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Social Workers, Get On The Bus! Back To School With A New Lens

This month signals an important time in our community… back to school time! All around, students are transitioning into a new life chapter. During this time, I find myself thinking about my past educational experience and comparing it to my current role. I graduated with my Master of Social Work on May 13th, 2012. Less than one month later I started as a therapist in a community mental health setting. It was a big step and I am fully aware now that I had no clue then what I was embarking on.


From my first day as a therapist to today, I have learned so much about the world around me. Countless people have trusted me with their most personal thoughts, emotions, and experiences. My awareness of the impact of relationships, both with others and ourselves has grown immensely. This time of new chapters has spurred me to reflect on the big picture of humanity in my community. Many share the same wants in life. Many express the same struggles. Overall, we are more alike than we think.


Through my time working with others, I have found a handful of common themes that seem to be on the minds of many. I would like to review some of these thoughts that have been shared with me over the years and offer insights into how to address these ways of thinking.


1. “I want to feel better” – Knowing that you do not feel the way you want to feel, but not knowing how to improve your experience can be so draining! Step one on your journey to feeling better should include self-exploration. Talking to trusted others such as friends or family can help you start thinking deeper about how you are currently feeling. No ready to talk to others about how you are feeling? Journaling can also be an incredibly effective way to reflect on how are you are feeling in the moment. Try this prompt: “I will know that I feel better when…”


2. “Am I normal?” – And the answer is, what is normal? I know, answering a question with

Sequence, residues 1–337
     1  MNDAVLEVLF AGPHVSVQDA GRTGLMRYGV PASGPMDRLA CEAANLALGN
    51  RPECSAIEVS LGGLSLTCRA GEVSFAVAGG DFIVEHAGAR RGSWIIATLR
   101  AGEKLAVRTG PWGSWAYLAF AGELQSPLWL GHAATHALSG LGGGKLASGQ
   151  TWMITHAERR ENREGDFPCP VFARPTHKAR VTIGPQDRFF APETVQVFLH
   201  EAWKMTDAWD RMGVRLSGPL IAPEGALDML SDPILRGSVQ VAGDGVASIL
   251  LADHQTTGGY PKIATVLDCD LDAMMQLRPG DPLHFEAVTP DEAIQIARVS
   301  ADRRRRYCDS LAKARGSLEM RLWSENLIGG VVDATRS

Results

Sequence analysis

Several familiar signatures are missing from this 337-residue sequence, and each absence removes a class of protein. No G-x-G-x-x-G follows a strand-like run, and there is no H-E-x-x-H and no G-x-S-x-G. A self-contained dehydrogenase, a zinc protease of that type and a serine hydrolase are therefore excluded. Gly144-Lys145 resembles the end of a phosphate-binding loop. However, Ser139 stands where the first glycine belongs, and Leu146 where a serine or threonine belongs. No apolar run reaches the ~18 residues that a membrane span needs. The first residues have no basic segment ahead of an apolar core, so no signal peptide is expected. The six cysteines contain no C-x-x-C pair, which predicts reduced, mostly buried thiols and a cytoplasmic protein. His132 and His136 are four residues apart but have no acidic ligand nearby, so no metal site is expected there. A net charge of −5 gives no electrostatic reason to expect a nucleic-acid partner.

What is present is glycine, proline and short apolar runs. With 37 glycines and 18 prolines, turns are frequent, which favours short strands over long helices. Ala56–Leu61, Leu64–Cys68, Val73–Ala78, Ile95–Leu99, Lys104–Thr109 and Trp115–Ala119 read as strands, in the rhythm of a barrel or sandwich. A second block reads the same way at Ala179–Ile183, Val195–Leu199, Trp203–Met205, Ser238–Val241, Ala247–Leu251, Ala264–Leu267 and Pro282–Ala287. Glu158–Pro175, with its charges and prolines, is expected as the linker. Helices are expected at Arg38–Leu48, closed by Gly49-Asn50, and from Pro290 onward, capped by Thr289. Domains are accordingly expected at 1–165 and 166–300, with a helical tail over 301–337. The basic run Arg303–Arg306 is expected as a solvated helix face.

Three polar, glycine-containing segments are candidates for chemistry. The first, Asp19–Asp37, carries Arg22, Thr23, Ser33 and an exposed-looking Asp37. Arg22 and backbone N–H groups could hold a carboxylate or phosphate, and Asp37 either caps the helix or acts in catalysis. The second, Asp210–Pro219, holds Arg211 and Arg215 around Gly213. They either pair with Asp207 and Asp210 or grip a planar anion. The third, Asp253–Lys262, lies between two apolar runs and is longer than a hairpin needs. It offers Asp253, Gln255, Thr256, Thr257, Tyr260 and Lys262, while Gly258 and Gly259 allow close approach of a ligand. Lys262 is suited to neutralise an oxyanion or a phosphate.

a question… so therapist-like of me. But, really, what is normal? No, really. Ask yourself, what do you think is normal? Many of us believe that people around us are more well-adjusted, happier, and confident than we are. Would you believe me if I told you that it is nearly impossible to evaluate normalcy by what we see from those around us? Checking your expectations and experiences by evaluating your thinking can help you start to dissolve the belief that you are on the outside looking in.


3. “Will it be like this forever?” – I love this one because I can honestly assure others that, no, it will not always be like this. Don’t believe me? Create a life timeline! Look back on your life from childhood to now. What do you see? You might notice downs, but if you look fairly, you likely also see positives. If you struggle with seeing the positives, starting a daily gratitude list can be a great first step toward changing that. Research has shown us that when we are struggling with mental health symptoms, it can be incredibly hard to acknowledge both negatives and positives in our lives.


4. “I want to be the old me again.” – When this comes up in session, I usually encourage people to take time to reflect on what this means. Who was the old you and how are they different from the new you? Many times people come back to the next session reporting that they do not do the things they used to do. Making time to do the things that we like to do is just as important as making time to do the things that we need to do. When we make time to engage in our hobbies we increase the likelihood that we will have time to engage in our hobbies. See what I did there? If you are finding that your time is sparse, try to create a daily or weekly schedule. When you map out your days it is much easier to find time for yourself.



5. “I want to better understand who I am.” – This is completely achievable and it could be a very fun process. Try to start by taking stock of your values. Our values represent the core of who we are as people. Values are the beliefs that define what is most important to you and they guide the choices we make in life. When you understand your values, you will learn more about the aspects of your life that are more important to you.


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Chances are, you have thought one or more of these things in the past. If you have, how are things going now? How could you incorporate one or more of these approaches into your plan for wellness? To learn more about healthy approaches for mental wellbeing, check out mezzosolutions.com or visit us on Facebook at Mezzo Solutions!


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